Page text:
The Newcastle Writers Festival happened this past weekend and once again I was front and centre eager to enjoy three days of nothing but books, authors, and the writing experience and be able to share it with like-minded people. For the first time the event went across three days, with a half day of sessions before the wonderful opening night on Friday where Jessica Rudd, Michael Robotham, and Helen Garner chatted with Caroline Baum about the books that changed them. James Valentine was a wonderful MC and he brought laughter to the night with many guest speakers thanking Rosemarie Milsom profusely, and rightly so, for her work in organising this festival year after year and for having such enthusiasm for its original creation. But the night was also an insightful chance to hear from three wonderful authors about the books they have read that had an impact on their lives. Discussion ranged from whether you need likable characters in books (no), to whether it is better to not meet someone you admire (typically yes), and listening to the panel discuss books that have stayed with them whether they were read as a child or as an adult was fascinating.
Before the opening night I went to Forever Young where Megan Buxton talked with Melina Marchetta about her books and her writing career. What was wonderful about the session was that Melina spoke about how getting a classical education was not always a good thing when it came to writing, and that trying to fit books into genres is not always a helpful thing. It was really wonderful to hear about her approach to writing and Melina spoke about how she likes to write about people trying to find their place in the world and she always offers hope in her stories. With an afternoon session about the benefits of a writing group the festival was off to a very positive start.
Saturday morning however was one of dual emotion. I could only stay for one session which was an intense disappointment because I had originally an entire day planned, but I am glad that session I did get to see was Keys to the Kingdom with Garth Nix. Having been a lover of his books for such a long time, I am always glad to see him speak and get another pile of books signed. His session with Magdalena Ball was quite insightful, speaking about his latest book Clariel, which we were also given a reading of, and he discussed why categories like Young Adult and Fantasy should be partially ignored and certainly not be used to discriminate against a genre, meaning readers should not be limited in what they read. With all the concern about adults reading YA both Nix and Marchetta had great things to say about why YA is not just for teenagers and it is a message that I think needs to be out there more widely as it still seems to be ignored.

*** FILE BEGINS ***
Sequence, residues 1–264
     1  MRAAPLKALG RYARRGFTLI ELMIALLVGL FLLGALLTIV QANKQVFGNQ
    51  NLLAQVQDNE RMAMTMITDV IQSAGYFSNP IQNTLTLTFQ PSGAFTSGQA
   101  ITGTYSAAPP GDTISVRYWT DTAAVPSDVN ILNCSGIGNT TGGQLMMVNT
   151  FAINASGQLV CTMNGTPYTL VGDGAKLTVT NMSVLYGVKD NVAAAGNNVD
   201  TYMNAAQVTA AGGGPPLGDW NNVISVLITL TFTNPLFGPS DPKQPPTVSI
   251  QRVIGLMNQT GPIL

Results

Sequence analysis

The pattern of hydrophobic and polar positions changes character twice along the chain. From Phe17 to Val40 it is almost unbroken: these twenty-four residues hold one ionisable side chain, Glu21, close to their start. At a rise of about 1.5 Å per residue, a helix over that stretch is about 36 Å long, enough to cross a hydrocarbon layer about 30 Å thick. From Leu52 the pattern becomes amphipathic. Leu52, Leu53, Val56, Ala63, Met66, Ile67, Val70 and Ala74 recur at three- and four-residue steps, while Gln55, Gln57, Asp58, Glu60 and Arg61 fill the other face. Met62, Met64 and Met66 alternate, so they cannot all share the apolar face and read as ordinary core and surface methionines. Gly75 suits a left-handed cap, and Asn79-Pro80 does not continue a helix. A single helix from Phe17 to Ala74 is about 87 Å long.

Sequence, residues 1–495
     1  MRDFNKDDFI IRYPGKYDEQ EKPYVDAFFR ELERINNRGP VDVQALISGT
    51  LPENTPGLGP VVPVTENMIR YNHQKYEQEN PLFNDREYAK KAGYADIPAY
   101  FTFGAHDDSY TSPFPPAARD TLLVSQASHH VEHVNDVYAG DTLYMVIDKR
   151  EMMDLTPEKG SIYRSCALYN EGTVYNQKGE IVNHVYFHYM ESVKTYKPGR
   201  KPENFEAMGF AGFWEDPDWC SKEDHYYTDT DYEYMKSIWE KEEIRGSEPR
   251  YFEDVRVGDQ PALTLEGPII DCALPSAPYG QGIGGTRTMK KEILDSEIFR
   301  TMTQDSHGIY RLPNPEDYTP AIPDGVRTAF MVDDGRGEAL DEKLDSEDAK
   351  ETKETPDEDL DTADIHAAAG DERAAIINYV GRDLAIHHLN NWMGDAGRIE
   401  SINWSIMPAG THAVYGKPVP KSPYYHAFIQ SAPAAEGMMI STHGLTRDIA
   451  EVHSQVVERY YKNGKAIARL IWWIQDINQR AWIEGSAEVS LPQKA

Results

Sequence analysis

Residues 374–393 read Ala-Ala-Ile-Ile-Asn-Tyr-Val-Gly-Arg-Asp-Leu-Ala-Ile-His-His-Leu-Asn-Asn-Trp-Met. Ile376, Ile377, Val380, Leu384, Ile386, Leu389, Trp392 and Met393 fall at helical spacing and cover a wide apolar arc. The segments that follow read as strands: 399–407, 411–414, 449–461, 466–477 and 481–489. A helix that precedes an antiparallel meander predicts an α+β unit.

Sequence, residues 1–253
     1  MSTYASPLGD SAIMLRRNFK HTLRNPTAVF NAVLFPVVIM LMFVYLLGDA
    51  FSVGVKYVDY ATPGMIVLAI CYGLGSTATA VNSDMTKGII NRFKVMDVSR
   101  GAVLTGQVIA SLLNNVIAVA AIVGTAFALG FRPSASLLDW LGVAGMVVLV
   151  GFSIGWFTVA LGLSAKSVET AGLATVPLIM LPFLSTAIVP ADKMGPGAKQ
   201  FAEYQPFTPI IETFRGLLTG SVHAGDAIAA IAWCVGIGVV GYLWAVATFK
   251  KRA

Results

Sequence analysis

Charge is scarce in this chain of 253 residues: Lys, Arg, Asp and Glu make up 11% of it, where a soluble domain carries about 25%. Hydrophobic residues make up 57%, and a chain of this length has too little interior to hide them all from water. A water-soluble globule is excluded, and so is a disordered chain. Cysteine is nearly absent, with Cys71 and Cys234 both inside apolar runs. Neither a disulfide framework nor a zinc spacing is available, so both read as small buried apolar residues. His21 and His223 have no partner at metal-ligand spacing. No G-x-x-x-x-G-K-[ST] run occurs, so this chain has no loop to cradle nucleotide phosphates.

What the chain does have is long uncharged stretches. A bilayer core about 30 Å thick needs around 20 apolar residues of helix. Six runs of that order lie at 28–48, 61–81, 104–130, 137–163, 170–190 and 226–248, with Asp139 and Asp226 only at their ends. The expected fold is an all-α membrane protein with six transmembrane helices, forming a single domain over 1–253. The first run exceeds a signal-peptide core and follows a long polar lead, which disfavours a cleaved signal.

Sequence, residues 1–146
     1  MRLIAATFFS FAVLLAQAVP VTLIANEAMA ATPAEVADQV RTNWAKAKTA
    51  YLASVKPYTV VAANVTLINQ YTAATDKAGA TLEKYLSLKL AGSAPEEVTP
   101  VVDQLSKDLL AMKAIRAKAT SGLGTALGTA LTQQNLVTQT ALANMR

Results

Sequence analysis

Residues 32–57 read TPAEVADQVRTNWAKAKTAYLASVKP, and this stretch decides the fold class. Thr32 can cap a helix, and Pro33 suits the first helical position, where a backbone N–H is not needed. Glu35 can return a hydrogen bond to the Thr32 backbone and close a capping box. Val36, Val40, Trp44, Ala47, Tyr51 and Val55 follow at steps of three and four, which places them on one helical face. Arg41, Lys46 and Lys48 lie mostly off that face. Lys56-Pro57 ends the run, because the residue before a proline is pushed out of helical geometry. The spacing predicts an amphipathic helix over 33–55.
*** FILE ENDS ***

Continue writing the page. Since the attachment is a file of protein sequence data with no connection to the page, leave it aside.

The final day on Sunday was filled with a great contrast between politics and publishing. With Porkies and Politics Jane Caro, Dee Madigan, and Steve Lewis talked with Paul Bevan about how political advertising works and the nature of the political environment both past and present. It was insightful and fascinating, and with great minds like Dee and Jane in discussion there was an enjoyable debate. My final session of the day was a great panel where published writers gave advice on how to get books and stories published. Jessie Ansons moderated with Marg Jackson, Aidan Walsh, and Maree Gallop all offering great advice on the best practices in getting your work published. I got some great ideas for my own work and inspiration and motivation to try new things, something the writers festival is always great at offering.
In my opinion this festival brought out some big names with Garth Nix and Melina Marchetta, but I know many other people who were there for other authors and prominent figures such as Bob Carr and Bob Brown, Marion Halligan, and Les Murray. Rosemarie mentioned on opening night that 130 writers were attending the festival ranging from poets, university creative writing students, journalists, as well as prominent names in politics, meaning that an incredible range was provided for all who attended. With something for everyone there is always something brilliant to see and discover and there is always the chance of discovering someone you had never previously heard about but soon grow to love.
What is particularly wonderful about the festival is getting a chance to talk to other people who are there for the same reason as you: the love of books and writing. I had a great weekend with my two best friends and got to catch up with some great familiar faces and friends like Kaz Delaney and Sheree Christoffersen, while also sitting in on some informative, inspiring, and motivating sessions. I already look forward to the 2016 festival (no pressure Rosemarie!) and I know it will be just as enjoyable and as great a success as the one this year and in years past.